A recent study found that a quarter-century ago, Brazil was 90% Catholic, but today it is 65%. There's also a rising cohort of secular Latin Americans with no religious affiliation, especially among youths and city-dwellers.
Moreover, of the 21 nations usually reckoned as part of Latin America, 14 of them are led by center-left governments that have sometimes crossed swords with the region's Catholic leaders over issues such as abortion and same-sex marriage -- including in the pope's home nation of Argentina.
Brazil has also recently been gripped by an anti-establishment mood, fueled by anger over spending on mega-events such as the 2014 soccer World Cup and the 2016 Olympics, while many ordinary people believe that services such as education, health care and transportation languish.
There's little indication that protesters want to embarrass the pope. Instead, they seem to be hoping to take advantage of his moral authority to bring attention to their cause. This week, one group that helped kindle the massive June demonstrations has plans for a rally under the banner "Pope, look how we're treated!"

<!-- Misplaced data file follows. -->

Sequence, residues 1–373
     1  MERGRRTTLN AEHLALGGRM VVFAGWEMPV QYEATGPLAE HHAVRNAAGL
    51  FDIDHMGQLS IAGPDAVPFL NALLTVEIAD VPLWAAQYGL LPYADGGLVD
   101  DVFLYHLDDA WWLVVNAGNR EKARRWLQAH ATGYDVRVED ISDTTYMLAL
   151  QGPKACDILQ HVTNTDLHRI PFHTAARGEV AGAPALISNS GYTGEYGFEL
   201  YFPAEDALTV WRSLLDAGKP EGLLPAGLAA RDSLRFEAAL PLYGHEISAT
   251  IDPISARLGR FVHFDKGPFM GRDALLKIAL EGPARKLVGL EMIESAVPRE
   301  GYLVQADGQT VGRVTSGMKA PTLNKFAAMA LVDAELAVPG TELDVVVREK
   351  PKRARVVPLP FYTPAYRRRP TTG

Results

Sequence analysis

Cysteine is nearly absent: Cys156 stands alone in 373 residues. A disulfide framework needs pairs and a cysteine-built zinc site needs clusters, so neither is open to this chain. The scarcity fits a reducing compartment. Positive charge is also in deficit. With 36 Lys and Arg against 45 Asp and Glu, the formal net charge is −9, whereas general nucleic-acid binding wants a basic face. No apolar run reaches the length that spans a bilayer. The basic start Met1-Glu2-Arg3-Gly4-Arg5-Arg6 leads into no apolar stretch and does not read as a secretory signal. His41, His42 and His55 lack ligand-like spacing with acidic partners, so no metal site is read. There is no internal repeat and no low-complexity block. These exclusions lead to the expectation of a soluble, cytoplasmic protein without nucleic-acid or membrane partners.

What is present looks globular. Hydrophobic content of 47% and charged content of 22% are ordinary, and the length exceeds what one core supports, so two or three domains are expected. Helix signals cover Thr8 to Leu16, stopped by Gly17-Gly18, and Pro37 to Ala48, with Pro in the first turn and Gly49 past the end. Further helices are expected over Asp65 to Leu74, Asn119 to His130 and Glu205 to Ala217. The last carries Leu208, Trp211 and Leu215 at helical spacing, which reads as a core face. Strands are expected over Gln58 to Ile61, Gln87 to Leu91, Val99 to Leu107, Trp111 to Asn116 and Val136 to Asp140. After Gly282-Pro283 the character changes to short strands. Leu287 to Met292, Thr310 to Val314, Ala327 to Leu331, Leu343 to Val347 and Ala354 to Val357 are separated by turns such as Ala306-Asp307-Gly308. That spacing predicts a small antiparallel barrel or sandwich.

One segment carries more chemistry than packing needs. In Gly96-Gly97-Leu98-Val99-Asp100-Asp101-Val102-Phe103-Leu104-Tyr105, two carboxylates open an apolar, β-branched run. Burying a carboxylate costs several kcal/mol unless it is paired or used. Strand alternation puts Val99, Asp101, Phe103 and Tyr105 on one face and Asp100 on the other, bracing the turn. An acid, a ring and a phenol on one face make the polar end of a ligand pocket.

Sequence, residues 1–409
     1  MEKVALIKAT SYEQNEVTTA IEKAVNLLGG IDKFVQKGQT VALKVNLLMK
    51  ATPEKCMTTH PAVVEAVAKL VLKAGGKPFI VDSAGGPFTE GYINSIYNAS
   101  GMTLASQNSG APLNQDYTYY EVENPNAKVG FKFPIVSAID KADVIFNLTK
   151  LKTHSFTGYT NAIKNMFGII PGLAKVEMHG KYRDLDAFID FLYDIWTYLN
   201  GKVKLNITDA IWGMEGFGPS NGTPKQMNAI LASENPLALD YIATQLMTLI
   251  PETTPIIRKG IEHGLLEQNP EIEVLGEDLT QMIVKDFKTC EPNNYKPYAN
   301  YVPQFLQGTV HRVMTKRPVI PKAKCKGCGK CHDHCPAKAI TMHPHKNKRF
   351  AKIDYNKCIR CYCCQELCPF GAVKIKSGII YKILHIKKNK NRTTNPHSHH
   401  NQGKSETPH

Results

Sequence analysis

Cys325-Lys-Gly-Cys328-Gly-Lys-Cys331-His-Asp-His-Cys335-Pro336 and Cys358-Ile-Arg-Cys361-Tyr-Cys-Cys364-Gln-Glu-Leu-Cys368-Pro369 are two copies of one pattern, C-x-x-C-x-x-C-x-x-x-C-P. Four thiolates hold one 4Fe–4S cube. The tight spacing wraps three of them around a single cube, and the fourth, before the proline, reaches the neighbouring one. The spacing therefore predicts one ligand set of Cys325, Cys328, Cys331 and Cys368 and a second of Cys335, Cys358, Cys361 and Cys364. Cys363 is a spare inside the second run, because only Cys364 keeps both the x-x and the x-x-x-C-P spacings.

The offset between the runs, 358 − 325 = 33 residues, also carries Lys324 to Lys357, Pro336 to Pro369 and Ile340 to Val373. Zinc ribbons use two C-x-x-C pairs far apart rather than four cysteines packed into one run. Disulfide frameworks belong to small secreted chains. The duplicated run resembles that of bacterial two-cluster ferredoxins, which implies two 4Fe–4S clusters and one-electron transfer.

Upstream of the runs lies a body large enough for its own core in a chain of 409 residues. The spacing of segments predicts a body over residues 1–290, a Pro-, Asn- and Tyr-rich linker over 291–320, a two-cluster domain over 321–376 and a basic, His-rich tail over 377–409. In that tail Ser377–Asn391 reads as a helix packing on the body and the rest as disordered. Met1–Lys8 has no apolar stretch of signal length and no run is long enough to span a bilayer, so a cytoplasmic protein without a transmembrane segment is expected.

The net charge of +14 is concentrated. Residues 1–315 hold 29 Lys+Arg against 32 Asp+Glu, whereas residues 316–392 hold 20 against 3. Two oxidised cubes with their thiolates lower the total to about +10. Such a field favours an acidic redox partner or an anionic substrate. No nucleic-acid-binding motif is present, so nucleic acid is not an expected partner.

The greater danger for Francis may be that all sides in the country's tensions may want to spin his message their way, especially with one eye on presidential elections in Brazil scheduled for next year.
If journalists aboard the papal plane today were hoping to draw Francis into a discussion of those challenges, they came away disappointed.
Francis walked back to the press compartment shortly after takeoff and spoke for only five minutes, focusing on the risks of a "throwaway society" that neglects both its youth and its elderly.
"I don't give interviews," the pope said by way of explanation.
"Why, I don't know, but I can't ... It's a little difficult for me, but I'm grateful for your company," he said.
Yet part of Francis' charm is that this skittishness didn't come off as a snub, because the pope proceeded to spend the better part of the next hour standing in the front of the economy cabin of the papal plane to personally greet each of the roughly 70 journalists on board.
Monday afternoon, Francis was scheduled to meet Brazilian President Dilma Rousseff at the Presidential Palace, and then the 76-year-old pontiff will rest on Tuesday before heading north to the famed Brazilian Marian shrine of Aparecida on Wednesday.
CNN's Barbara Arvanitidis contributed to this report.
John L. Allen Jr. is CNN's senior Vatican analyst and a senior correspondent for the National Catholic Reporter.